Roots Bloody Roots: The Tri States Wrestling Alliance
Ok, before we take a look at our first couple of shows, lets spend a little bit of time talking about the roots of the ECW. Lets talk about the Tri States Wrestling Alliance.
Joel Goodhart started TSWA in Philadelphia in 1990 in an attempt to take advantage of a group of wrestling fans that the WWF and WCW kind of neglected in the late 80's and early 90's. The type of wrestling fans that were a little more passionate and demanding because they had grown up with the artform, and knew all of the inside information about what really went on behind the scenes. "Smart Marks". Philadelphia was a smart mark town. The fans in Philly would react much differently to wrestling shows than other crowds around the country.
Pennsylvania, Deleware, and New Jersey were the three states that "Tri States" stood for, and they developed a small, rabbid following because it was nothing at all like what else was going on at the time in pro wrestling. Joel Goodhart was very similar to Paul Heyman. He was a huge wrestling fan that perhaps even to the detriment of his promotion. He would overspend his budget to put together dream cards(for Indy fans) for his fans with big money talent at the time such as Jerry Lawler, Terry Funk, Cactus Jack, Eddie "Hotstuff" Gilbert, Ivan Koloff, The Shiek, Bam Bam Bigelow, Buddy Landel, Abdullah the Butcher, Missy Hyatt, Kevin Sullivan, and Manny Fernandez. Goodhart would spend more than he made to put on shows he knew would make the Philly fans happy. Goodhart was the TSWA's biggest fan, and he let his love of wrestling get in the way of running a profitable promotion. Many wrestlers would inflate their asking prices just because they knew Goodhart would pay whatever it took to put together a certain card.
The Philly wrestling fans developed a relationship with TSWA very similar to the one they would with the ECW later on. A TSWA show in the fall of 1991 drew almost 3 times more than a WCW house show around that same time in the city. Goodhart's TSWA shows put an emphasis on violence. TSWA shows were bloody, raunchy, and extreme. One perticular show in the fall of 1991 featured a "Last Blood" Battle Royal where the only way to be eliminated from the match was to bleed. Within all of the blood and violence, there was the occasional technical gem. One such gem was a highly technical showcase match between a young Owen Hart vs Takayuki Iizuka from New Japan.
Hardcore legends like Sabu, and the Sandman made their debut's in TSWA in the fall of 1991, and many of the regulars from the ECW were a part of the shows(Bob Artese, several referees, and even the "Straw Hat Guy" John Bailey could be found in the front row in attendance). Even though the TSWA was drawing decent crowds, the high pricetag of the performers kept the company from making any money from it. Joel Goodhart had apparently been a successful bussinesman in the insurance industry, but had blown through all of his life savings on the TSWA(and a wrestling radio show he paid to have on air). By January of 1992 Goodhart was flat broke, and had burned the fans by selling several tickets to an event that he never put on. A dream match between the "Nature Boy" Buddy Rogers vs Buddy Landel. Joel Goodhart folded the TSWA, and dissapeared from the wrestling industry.
It all started with Joel. I always like him, thought he was a good kid. He must have had some kind of initiative to get started. He ran a good show.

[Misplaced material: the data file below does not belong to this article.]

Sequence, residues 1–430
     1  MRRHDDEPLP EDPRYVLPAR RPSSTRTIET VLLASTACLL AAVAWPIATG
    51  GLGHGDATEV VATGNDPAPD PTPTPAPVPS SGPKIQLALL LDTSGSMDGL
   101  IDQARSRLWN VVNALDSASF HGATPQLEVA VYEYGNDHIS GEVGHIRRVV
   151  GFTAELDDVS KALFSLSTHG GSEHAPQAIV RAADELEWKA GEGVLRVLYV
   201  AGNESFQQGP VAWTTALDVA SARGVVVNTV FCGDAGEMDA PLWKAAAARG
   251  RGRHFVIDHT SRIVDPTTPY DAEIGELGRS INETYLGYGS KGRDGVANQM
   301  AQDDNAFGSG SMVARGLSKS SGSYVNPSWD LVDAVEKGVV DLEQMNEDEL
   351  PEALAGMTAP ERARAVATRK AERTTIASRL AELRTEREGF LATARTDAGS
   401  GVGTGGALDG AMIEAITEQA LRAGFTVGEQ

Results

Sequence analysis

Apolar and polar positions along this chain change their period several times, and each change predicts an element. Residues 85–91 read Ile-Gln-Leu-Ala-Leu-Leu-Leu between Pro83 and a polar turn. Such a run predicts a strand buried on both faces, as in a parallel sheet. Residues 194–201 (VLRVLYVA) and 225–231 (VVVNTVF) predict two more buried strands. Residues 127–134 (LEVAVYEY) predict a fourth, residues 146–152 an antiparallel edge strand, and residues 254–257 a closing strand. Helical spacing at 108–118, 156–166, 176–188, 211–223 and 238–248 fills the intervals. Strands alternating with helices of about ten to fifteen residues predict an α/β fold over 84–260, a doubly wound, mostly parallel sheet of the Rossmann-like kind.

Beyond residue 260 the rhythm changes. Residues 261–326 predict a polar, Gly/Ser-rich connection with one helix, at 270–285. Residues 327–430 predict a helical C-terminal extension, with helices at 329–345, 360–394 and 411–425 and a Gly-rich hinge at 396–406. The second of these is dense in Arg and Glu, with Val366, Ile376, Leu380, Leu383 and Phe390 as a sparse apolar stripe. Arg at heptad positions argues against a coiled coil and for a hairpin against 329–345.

- Kevin Sullivan
Sadly, Goodhart never taped any of his TSWA shows, and the promotion has been widely forgotten about. I don't believe the promotion was even mentioned in the WWE's Rise and Fall of ECW Documentary.
Todd Gordon had worked in the TSWA as an assistant ring announcer along with Bob Artese. Gordon baught half of the company sometime in 1991. Days after Joel Goodhart folded the TSWA, Gordon assembled Bob Artese, Larry Winters(as his booker), and TSWA soundman Steve Truitt to form Eastern Championship Wrestling in his Philadelphia office.
Gordon's ECW started out with a much more humble approach to the bussiness than TSWA. Gordon only ran in small venues(Mike Schmidt's Sports Bar on 8th & Market), and only worked cheap local talent in a much more traditional wrestling setting.
So where we are now is in this early Tod Gordon era of the Eastern Championship Wrestling promotion. Very humble beginings that were never mentioned by the company later on. The time is 1992, and pro wrestling is going through a transition due to the WWF steriod scandal. Crowds were dwindling down in America, but over in Japan a new craze was taking the industry by storm. Japanese star Atsushi Onita befriended Terry Funk, who got him work in the Memphis region during the 80's. Onita and Masa Fuchi competed in a wild bloody brawl against Ricky Morton and Eddie Gilbert in Tupelo Mississipi that went all around the arena whith both teams using anything they could get their hands on, and destroying the concession stand. Onita noticed the southern crowd's hotter than usual reaction to the violent match, and it sparked a revolution. Onita would go back to Japan and start Frontier Martial Arts Wrestling(FMW) in 1990, and created a style that would draw the same hot reactions that his match in Tupelo recieved. Onita's matches in Japan would feature barbed wire, fire, and explosives to draw crowds of over 30-40,000 people in 1992. One of the FMW's young stars would go on to become an ECW legend, Sabu.
Larry Winters was the head booker for the ECW through most of 1992 until Tod Gordon started to get caught up in the job of owning a wrestling promotion, and started to take more control over the show. Gordon started involving himself in the show more and more until he eventually took over booking altogether. After he realized he didn't know what he was doing, Gordon brought in Eddie Gilbert in 1993.